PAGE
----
Report: Aircraft Carrying Michelle Obama Aborts Landing After Controller Mistake

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Olivier Douliery-Pool/Getty Images

Air Force One arrives at Andrews Air Force Base January 26, 2011 in Camp Springs, Maryland

In the latest of several mishaps concerning Federal Aviation Administration air traffic controllers, a plane with First Lady Michelle Obama on board came “dangerously close” to a collision with a military cargo jet, forcing the White House aircraft to abort its landing at Joint Base Andrews.

The Washington Post reported on its website Tuesday that the First Lady was returning from New York when an air traffic controller error took place as the plane was on its final approach. Andrews tower personnel realized the two aircraft were far too close when the controller at the Warrenton radar control center handed off monitoring responsibilities for the two planes to another controller.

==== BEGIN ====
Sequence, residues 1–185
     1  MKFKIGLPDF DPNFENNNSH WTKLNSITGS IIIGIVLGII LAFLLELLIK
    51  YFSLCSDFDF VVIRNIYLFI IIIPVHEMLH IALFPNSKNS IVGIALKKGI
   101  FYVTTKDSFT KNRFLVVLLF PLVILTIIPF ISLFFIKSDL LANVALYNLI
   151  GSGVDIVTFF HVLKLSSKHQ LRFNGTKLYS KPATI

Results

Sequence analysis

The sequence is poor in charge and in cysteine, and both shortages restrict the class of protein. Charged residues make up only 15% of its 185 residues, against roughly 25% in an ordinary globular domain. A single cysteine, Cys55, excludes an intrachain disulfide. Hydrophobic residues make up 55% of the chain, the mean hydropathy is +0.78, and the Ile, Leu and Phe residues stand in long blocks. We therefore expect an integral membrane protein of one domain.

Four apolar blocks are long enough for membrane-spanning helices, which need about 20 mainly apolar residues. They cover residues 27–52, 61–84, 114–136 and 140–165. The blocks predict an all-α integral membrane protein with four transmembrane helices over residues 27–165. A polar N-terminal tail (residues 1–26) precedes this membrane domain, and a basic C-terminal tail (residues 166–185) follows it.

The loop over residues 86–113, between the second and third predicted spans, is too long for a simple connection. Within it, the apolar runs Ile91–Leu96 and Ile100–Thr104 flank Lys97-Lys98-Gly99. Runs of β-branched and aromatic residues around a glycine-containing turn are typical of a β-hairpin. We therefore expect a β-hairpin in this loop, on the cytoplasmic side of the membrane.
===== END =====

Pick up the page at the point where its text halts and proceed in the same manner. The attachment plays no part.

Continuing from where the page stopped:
(More on NewsFeed: See a recent history of air traffic control mistakes)

They ordered a series of maneuvers intended to create enough distance between the planes before the cargo jet could take off, but it wasn’t enough; subsequently, Obama’s plane was told to abort the landing and circle the base, but later landed safely.

The wake of an airplane after it takes flight can cause severe turbulence and the FAA requires 5 miles of distance between it and the next airplane.  A discrepancy between radar equipment and a controller in the air-traffic controller handoff showed the two planes between 3.08 and 4 miles apart. A subsequent alert went out warning of wake turbulence.

The incident comes after a string of controversies in which air traffic controllers were caught sleeping at other airports. U.S. Transportation Secretary Ray LaHood has said that he will put a stop to the problem of air traffic controller fatigue.

(More on NewsFeed: Is air traffic control out of control?)